Lessons Learned from Iowa Caucuses

Rbreidbrown / CC BY-SA (https://creativecommons.org/licenses/by-sa/4.0)

The Iowa Caucuses have recently become a controversial subject within American media outlets.

What exactly are the caucuses and why are they so important?

Caucuses are basically public voting sessions that allow caucus-goers to express support for their candidates while selected caucus admins tally up the amount of support each candidate has. The results give the country an idea which candidate is most likely to win delegates within the state. This event is the first of many to see what kind of support candidates have among voters.

Why is Iowa first in the country to make its preferences known? The answer is there isn’t much reason why Iowa is first. In fact, most Iowans aren’t even sure why their caucuses are the first to begin the election year process. In fact, many have argued that Iowa does not reflect the country’s demographics and has advocated for other states to start the political ball rolling.

So how did the Iowa caucuses become such a big deal? This event became headline-worthy when Jimmy Carter was running for president in the ’70s. At the time, Mr. Carter did not have much of a name for himself. He was considered an underdog compared to his competitors. He took advantage of the timing of the Iowa caucus and spent a great deal of time campaigning there. Eventually, he won the Iowa caucuses, proving his competence, boosting his following, and eventually winning the presidential election in 1976. Of course, not everyone who wins the Iowa Caucuses is guaranteed the title of President. Think of Ted Cruz’s victory in 2016 and the Romney win four years before that. Neither went on to win the Presidency.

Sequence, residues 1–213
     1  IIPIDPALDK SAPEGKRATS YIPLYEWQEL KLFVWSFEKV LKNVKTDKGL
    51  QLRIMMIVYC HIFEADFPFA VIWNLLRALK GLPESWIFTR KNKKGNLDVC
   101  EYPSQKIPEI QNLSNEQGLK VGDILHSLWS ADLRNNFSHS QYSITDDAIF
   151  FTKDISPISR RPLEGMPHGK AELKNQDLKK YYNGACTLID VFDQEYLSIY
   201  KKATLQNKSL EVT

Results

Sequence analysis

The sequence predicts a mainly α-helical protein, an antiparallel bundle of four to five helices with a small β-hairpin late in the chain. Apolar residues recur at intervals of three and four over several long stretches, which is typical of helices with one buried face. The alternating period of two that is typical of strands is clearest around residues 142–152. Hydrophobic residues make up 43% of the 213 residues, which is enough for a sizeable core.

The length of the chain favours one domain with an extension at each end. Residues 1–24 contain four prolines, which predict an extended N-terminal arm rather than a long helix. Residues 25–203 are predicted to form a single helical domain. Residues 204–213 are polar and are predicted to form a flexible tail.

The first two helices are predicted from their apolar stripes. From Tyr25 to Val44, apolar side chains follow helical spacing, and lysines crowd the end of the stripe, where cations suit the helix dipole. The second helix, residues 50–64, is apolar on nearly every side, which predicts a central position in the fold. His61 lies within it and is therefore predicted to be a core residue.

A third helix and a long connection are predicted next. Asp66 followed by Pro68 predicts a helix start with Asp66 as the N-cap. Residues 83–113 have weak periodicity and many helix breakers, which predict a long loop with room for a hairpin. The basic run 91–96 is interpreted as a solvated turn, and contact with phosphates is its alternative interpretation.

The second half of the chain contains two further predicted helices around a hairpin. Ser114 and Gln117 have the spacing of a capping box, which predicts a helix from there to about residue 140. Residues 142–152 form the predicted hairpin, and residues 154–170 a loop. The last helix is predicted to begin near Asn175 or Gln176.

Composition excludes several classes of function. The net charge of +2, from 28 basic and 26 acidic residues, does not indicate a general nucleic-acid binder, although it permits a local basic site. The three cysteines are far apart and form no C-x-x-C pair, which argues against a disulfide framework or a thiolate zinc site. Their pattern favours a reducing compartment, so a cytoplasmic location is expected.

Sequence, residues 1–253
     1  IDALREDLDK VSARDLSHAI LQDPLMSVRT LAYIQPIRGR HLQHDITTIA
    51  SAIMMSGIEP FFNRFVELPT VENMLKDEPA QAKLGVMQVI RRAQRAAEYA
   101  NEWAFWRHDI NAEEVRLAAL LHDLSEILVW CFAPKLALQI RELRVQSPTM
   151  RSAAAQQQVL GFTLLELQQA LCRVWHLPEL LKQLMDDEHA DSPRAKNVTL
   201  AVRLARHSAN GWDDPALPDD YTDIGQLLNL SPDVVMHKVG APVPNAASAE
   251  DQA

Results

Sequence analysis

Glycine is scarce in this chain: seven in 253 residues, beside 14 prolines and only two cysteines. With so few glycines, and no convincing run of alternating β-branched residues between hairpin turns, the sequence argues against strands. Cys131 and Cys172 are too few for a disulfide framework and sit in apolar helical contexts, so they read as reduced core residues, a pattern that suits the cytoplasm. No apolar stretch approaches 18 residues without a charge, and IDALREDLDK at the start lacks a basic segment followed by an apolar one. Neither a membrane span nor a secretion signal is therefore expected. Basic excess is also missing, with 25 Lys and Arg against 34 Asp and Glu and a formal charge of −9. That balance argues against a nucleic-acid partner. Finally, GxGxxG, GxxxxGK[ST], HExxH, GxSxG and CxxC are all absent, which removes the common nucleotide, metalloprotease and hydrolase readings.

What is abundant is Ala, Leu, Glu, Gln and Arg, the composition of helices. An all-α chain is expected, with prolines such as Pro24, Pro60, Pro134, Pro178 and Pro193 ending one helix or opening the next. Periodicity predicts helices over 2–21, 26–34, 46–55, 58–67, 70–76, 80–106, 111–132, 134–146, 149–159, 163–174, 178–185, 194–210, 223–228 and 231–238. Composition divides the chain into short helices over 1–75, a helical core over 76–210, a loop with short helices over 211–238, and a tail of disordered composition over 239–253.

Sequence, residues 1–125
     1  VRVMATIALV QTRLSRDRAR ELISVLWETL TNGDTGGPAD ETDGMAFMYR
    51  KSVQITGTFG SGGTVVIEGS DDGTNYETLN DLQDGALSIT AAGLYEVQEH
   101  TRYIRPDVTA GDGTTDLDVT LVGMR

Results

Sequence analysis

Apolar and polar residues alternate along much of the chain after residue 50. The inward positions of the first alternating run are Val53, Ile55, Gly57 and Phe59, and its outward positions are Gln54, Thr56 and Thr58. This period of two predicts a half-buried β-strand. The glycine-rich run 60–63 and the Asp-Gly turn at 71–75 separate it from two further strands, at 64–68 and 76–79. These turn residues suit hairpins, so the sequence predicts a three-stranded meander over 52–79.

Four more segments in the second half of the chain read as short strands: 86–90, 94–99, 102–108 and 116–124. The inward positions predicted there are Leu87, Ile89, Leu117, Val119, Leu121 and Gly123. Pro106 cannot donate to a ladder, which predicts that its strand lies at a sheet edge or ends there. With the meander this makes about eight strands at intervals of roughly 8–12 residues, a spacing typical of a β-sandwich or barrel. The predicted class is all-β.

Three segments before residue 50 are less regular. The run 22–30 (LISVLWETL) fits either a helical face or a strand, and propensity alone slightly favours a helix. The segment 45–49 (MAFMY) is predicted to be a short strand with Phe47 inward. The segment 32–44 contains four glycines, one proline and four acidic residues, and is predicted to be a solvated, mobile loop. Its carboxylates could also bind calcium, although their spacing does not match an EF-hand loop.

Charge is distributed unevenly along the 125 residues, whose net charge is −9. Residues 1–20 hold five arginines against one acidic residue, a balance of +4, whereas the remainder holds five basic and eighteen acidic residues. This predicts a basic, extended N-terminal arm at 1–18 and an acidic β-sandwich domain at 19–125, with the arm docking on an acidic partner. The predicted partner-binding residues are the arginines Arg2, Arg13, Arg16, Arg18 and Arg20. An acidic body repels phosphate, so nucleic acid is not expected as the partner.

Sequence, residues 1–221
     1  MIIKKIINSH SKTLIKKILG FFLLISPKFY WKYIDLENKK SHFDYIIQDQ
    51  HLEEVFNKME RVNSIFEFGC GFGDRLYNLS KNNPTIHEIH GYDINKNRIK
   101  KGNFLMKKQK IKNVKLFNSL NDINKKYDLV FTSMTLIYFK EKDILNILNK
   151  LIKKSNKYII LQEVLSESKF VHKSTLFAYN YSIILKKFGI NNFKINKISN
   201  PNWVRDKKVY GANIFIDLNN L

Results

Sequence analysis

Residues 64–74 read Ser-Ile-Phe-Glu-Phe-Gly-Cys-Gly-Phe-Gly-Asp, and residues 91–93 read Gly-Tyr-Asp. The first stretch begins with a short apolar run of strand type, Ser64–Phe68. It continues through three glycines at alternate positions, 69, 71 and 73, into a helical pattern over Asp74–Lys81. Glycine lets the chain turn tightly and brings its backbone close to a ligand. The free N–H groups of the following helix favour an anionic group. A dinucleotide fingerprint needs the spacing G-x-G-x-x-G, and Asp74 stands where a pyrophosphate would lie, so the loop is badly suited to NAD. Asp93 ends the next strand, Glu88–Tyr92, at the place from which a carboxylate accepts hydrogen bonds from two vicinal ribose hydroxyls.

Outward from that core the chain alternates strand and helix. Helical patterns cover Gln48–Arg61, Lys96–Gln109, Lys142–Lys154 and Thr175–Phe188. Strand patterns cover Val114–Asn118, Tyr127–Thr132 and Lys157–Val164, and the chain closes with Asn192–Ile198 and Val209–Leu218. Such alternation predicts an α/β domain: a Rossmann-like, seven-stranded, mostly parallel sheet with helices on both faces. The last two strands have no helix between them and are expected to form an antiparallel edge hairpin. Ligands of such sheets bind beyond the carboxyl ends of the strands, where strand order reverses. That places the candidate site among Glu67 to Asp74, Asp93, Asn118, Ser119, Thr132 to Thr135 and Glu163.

So how did the 2020 Caucuses turn out? If you haven’t heard by now, it went horribly wrong. Iowa painstakingly started the 2020 caucuses in one of the worst ways possible, by switching to a new technological approach: the use of an app to count votes. Technological flaws with the app severely delayed the results and may have even corrupted some of the data it held, making the whole process essentially useless.

One of the major reasons why the Iowa caucus was such a blunder this year can be traced back to a single app the DNC adopted this year. One thing that was very interesting was that the app was introduced to the Iowa DNC by Pete Buttigieg’s campaign. Does anyone find it odd that “Mayor” Pete claimed victory so early even when the results were inconclusive?

Looking ahead, we hope that other states do not follow in Iowa’s footsteps, but instead count their votes efficiently and come up with a fair and truthful outcome. As one of the biggest superpowers in the world, it is crucial for us to show both our allies and our adversaries what the power of the people in a great democracy can really do.


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